Perhaps it’s good that the garden is “dormant”  I have more time to celebrate all of the summer family birthdays!  Rives,  Drew,  David B., Rebecca, Kayleigh, David N, Kaeden, Phyllis, Ben, Linda,  Benjamin, and Jacob.  Happy birthday again to all of you.  (I can’t leave out two other grandchildren whose birthdays fall in January and December.  I love you, Jack and Lachlan.)

July 29, 2009

It is official!  This has been the hottest summer ever on record in Austin, Texas.  I had two surprises in the garden this morning.  The ornamental ginger is reblooming and one dwarf Agapanthus has sent up a new bloom stalk. 

Butterflies are still swarming the Durantia while bees of all sizes buzz the Tecoma stans or yellow bells. Kayleigh, has been curious about butterflies, bees, and cicadas.  I pulled out a great paperback book for us to look at together.  For those of you with  children or grandchildren, I recommend Do Bees Sneeze? And Other Qustions Kids Ask about Insects by Jim Wangberg.

July 31, 2009

It was delightful to hear rain pelting the roof yesterday even if it lasted only a few minutes.  We only received .02 inches of precipitation here.  Radar also indicated storms in Llano County, so we are hoping for a measurable amount of rain in Another Garden.

August 30, 2009

I’ve already documented the heat and drought of this summer.  Stage 2 water restrictions began on Monday, 9/24. We had three evening storms this week that helped with the more limited watering, and the temperature highs were under 100 degrees.  However, in our area, we had barely a tenth of an inch of rain in total.  All things considered, the garden looks good.  On the negative side, the roses baked, the lavander cooked, and the foliage of several plants has browned on the leaf margins.  On the positive side, over FORTY species are presently blooming.



  1. Diane Brewer said,

    July 4, 2009 at 12:16 AM

    Love the picture. haven’t had good luck with Lily of the Nile at church and I can’t figure out why.

  2. gardenfences said,

    July 4, 2009 at 9:10 AM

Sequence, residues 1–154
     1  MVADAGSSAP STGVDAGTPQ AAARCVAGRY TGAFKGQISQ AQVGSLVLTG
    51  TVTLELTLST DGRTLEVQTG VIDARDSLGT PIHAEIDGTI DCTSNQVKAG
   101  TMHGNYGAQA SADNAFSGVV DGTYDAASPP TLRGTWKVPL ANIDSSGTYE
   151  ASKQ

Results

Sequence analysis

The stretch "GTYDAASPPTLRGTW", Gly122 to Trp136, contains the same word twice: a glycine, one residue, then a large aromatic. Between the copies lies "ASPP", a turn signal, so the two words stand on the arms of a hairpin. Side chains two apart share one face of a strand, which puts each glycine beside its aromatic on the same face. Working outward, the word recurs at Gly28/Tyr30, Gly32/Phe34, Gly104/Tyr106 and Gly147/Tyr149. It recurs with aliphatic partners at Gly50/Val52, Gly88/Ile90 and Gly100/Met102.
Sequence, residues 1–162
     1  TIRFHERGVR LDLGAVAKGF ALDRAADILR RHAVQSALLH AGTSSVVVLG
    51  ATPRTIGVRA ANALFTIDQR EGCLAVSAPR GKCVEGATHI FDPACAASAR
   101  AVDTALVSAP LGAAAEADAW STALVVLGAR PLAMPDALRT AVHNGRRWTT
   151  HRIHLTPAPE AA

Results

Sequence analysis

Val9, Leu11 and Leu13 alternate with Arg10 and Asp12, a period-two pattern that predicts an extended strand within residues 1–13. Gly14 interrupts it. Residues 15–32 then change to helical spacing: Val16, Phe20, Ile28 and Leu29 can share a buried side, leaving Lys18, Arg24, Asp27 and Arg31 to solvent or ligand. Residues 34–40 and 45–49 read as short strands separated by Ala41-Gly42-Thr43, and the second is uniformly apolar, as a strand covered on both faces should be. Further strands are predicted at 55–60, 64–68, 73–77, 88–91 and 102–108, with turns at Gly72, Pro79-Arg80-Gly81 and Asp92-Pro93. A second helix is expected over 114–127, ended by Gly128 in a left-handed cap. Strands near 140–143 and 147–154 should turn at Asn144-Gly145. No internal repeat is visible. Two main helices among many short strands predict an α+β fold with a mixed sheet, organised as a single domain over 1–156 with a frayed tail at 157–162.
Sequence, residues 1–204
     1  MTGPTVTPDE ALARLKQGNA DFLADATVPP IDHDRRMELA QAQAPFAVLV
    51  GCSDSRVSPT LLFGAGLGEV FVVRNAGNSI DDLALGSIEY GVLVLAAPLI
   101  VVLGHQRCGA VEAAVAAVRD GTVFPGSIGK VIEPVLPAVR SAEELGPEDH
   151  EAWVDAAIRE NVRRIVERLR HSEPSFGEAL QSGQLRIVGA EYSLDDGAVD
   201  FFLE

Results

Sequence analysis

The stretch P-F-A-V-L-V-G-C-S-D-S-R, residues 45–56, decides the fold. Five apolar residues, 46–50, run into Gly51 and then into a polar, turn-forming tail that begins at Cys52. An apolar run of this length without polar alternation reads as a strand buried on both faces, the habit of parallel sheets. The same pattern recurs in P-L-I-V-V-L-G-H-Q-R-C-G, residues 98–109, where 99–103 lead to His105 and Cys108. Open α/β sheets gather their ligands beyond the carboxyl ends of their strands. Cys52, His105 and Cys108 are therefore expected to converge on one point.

I’ve heard that from several people. Mine did not bloom the first year. They were then moved from a spot in deep shade to an area receiving morning sun and fertilized heavily. Last year, they were sprayed foliarly with Medina “Hasta Gro” twice, and this year once. Both the blue and white ones had a minimum of two bloom stalks each. The lesson I’ve learned over the past two years is that a great fertilizing increases plant vigor and bloom on everything in my garden.

  3. Pam Watson said,

    July 10, 2009 at 2:41 PM

    Ah the days in the mountains in Ruidoso…80 seems so cool with the 105 degree weather in Austin!

    I miss being there but I am s l o w l y getting my garage cleaned/organized so I feel like I am accomplishing somthing this summer!!

    My only gardening is keeping some gorgeous Gerbera daisies watered…they stand up to the heat as long as they have a daily drink!!

  4. gardenfences said,

    July 10, 2009 at 7:16 PM

    Wish you were here! However, it was hot in Ruidoso today! How quickly we get accustomed to temperatures below 100 degrees. I love Gerbera daisies. I think they are much better summer plants than zinnias. You gave me some red ones in a Christmas basket several years ago. After the holidays, I planted them in my front garden. They grew, overwintered, and bloomed each summer for three years. Someone once told me that the daisies would stay happy as long as they were watered from the bottom or below the foliage, and the leaves didn’t collect moisture. Any truth to that?